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The mythological story of the river Goddess, Ganga, and its power to purify the sins of all those she comes in contact with, fuels many a festival in India along with countless accompanying rituals and ceremonies. Ironically, though, it is our respect for Ganga, the Goddess, that leads to our utter disrespect for Ganges, the river. The recent coverage of The New York Times, splashing a picture of floating corpses in the holy river, has brought the issue of wanton disregard of the river centre stage. Here is a piece of verse I have composed – ‘When Ganga says No’, a kind of a dialogue with the holy river, where she bemoans her loss of purity, accuses us of sustained abuse and warns us of the existential crisis she confronts today, saying a firm and final ‘No’ to being exploited any further. 

When Ganga says No

The headlines screamed

‘The Ganges returning the dead’

Unbelievable, eerie

It simply left me stunned!

 

I visited the holy river

Always the mother

Broad-bosomed, accommodating, caring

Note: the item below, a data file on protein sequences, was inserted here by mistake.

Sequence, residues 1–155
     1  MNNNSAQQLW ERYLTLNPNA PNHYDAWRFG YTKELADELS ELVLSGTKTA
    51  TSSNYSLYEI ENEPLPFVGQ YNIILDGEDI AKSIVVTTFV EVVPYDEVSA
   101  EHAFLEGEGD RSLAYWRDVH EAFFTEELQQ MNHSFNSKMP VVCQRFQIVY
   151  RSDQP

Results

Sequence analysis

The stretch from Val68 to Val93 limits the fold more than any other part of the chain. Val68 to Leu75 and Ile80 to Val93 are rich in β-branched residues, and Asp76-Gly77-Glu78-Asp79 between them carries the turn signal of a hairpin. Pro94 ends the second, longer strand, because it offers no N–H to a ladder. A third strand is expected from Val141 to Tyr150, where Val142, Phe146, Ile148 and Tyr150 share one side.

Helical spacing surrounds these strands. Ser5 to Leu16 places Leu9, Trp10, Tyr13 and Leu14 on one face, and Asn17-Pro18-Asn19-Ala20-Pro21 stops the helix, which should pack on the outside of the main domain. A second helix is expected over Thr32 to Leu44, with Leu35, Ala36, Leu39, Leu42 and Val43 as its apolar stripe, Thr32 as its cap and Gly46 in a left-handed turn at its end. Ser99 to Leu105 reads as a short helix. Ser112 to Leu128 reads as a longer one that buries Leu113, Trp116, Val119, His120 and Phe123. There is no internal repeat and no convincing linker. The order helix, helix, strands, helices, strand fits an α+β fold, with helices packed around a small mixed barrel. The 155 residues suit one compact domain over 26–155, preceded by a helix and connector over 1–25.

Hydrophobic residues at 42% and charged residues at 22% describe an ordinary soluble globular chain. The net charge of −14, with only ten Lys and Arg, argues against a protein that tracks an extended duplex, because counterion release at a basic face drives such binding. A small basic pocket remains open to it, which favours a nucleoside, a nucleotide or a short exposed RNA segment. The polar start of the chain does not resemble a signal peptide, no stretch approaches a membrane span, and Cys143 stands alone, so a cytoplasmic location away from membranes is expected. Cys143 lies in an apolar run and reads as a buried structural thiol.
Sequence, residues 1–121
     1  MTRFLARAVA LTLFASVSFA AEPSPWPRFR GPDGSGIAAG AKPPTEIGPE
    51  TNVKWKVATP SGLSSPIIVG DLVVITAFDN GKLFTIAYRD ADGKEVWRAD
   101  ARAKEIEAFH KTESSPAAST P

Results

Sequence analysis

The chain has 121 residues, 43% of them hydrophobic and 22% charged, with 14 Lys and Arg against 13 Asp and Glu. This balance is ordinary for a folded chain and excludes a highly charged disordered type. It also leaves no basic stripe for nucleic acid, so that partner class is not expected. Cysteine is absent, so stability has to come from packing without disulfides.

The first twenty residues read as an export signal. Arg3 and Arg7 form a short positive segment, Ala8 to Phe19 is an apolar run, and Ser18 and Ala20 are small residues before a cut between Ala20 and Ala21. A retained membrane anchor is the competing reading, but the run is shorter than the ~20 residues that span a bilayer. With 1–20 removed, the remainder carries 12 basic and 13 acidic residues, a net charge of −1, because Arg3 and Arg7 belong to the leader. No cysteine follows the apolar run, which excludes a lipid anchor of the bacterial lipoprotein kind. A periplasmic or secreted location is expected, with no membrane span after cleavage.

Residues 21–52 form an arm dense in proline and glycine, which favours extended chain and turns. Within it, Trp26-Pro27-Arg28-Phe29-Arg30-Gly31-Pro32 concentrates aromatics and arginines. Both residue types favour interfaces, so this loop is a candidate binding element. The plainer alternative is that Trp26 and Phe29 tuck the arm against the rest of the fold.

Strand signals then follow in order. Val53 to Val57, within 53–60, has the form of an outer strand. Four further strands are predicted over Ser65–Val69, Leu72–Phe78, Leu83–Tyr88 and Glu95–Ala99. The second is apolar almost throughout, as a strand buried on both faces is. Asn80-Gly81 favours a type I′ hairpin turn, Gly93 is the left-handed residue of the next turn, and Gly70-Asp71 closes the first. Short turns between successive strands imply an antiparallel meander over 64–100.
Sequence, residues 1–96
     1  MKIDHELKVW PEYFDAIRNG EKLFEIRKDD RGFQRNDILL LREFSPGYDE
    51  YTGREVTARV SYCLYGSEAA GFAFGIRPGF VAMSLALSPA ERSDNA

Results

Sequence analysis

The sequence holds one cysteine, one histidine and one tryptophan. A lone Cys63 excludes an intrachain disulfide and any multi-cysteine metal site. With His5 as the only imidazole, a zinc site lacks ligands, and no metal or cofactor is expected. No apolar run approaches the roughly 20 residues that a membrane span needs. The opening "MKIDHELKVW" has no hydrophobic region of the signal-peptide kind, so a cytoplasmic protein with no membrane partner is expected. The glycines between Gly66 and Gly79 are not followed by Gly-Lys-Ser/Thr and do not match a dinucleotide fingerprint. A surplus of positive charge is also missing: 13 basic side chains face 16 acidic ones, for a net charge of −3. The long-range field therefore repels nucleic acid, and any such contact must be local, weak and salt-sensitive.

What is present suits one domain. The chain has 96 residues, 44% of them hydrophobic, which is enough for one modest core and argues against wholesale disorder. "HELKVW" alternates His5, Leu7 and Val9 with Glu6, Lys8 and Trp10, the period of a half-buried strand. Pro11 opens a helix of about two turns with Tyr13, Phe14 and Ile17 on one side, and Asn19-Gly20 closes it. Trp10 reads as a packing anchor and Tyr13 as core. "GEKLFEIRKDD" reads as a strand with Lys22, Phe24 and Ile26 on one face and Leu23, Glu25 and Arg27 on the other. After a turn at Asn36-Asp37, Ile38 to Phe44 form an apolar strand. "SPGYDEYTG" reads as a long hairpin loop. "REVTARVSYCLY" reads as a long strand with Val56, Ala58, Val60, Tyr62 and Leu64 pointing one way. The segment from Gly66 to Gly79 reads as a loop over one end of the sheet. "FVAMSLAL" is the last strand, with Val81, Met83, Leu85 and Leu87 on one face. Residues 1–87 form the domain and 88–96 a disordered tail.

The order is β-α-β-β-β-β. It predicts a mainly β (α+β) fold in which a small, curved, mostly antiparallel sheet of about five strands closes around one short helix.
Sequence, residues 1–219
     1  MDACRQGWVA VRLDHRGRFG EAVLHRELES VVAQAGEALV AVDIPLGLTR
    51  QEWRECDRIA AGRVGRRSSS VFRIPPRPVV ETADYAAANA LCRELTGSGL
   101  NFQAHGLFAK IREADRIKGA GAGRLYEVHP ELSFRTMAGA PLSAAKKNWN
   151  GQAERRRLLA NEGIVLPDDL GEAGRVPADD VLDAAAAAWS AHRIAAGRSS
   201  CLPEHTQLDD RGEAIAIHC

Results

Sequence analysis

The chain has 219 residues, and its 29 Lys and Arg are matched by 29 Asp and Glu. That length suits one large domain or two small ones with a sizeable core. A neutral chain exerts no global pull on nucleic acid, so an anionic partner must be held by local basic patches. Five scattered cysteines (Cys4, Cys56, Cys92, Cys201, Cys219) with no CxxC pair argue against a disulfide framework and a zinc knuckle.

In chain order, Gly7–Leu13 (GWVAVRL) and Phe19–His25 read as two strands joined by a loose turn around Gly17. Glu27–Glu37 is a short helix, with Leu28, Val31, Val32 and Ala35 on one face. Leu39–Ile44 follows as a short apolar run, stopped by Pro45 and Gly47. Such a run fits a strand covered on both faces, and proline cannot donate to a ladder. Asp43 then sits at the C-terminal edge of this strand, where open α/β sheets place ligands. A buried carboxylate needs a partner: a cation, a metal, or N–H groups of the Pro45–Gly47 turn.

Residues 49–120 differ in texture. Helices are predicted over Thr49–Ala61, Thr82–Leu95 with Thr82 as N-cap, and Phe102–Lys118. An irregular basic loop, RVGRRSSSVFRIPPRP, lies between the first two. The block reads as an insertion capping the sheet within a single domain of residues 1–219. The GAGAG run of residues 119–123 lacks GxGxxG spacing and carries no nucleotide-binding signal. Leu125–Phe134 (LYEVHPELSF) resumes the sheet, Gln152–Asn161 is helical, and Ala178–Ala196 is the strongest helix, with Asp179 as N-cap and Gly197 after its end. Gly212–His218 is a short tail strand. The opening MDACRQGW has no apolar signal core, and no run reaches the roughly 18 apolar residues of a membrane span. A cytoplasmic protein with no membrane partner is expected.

I could go to her anytime 

Smiling or despairing. 

 

I pleaded 

Mother, you have a hoary past

Our history and myth

Our song and story

Around you is cast

We revere you as a Goddess,

O Mother Supreme, ever kind

What makes you return us today

When our lives are forever entwined. 

 

The Mother, though deeply annoyed, 

Managed a feeble smile 

That I was her child

She did not decline 

Weakly, she replied-

I am glad you remember my divine origin 

My majestic sweep…..

Yet I sit here today

And weep….

Look at my plight 

Come, see how I have been 

Debased, defiled.

 

Dear child, she continued 

All through I have shared

Your darkness and pain

All your secrets

Sacred and profane 

Like a mother, I owned you up

But you have shown scant respect. 

Look around 

And inside me

The river that I am, is dying

My arteries are clogged

My waterways choked

I am only a mishmash of flowers and faeces

And a dumping ground of corpses……

Such wanton disregard

Such desecration…..

Yes, I am older than history, older than tradition

But today, I face an existential crisis 

No more of you- dead or alive….

My child, I maybe a mother alright

But for me to bless you

I need to survive!


Also read: Two Telugu states, one river — why Andhra & Telangana are fighting it out over the Krishna


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